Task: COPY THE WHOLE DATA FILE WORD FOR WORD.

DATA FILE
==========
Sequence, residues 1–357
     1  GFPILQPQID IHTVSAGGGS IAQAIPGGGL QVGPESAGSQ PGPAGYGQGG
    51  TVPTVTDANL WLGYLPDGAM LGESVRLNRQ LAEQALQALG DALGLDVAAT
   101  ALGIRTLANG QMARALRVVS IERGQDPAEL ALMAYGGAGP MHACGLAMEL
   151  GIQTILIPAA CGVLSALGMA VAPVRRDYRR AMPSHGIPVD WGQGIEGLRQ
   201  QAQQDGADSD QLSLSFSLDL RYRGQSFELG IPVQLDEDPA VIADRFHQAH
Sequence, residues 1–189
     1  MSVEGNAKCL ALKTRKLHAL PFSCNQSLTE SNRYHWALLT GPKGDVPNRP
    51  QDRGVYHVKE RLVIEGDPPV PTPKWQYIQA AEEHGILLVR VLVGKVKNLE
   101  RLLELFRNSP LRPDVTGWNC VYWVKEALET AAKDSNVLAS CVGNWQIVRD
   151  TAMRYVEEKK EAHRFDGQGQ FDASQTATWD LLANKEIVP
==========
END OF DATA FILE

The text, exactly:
Sequence, residues 1–357
     1  GFPILQPQID IHTVSAGGGS IAQAIPGGGL QVGPESAGSQ PGPAGYGQGG
    51  TVPTVTDANL WLGYLPDGAM LGESVRLNRQ LAEQALQALG DALGLDVAAT
   101  ALGIRTLANG QMARALRVVS IERGQDPAEL ALMAYGGAGP MHACGLAMEL
   151  GIQTILIPAA CGVLSALGMA VAPVRRDYRR AMPSHGIPVD WGQGIEGLRQ
   201  QAQQDGADSD QLSLSFSLDL RYRGQSFELG IPVQLDEDPA VIADRFHQAH
Sequence, residues 1–189
     1  MSVEGNAKCL ALKTRKLHAL PFSCNQSLTE SNRYHWALLT GPKGDVPNRP
    51  QDRGVYHVKE RLVIEGDPPV PTPKWQYIQA AEEHGILLVR VLVGKVKNLE
   101  RLLELFRNSP LRPDVTGWNC VYWVKEALET AAKDSNVLAS CVGNWQIVRD
   151  TAMRYVEEKK EAHRFDGQGQ FDASQTATWD LLANKEIVP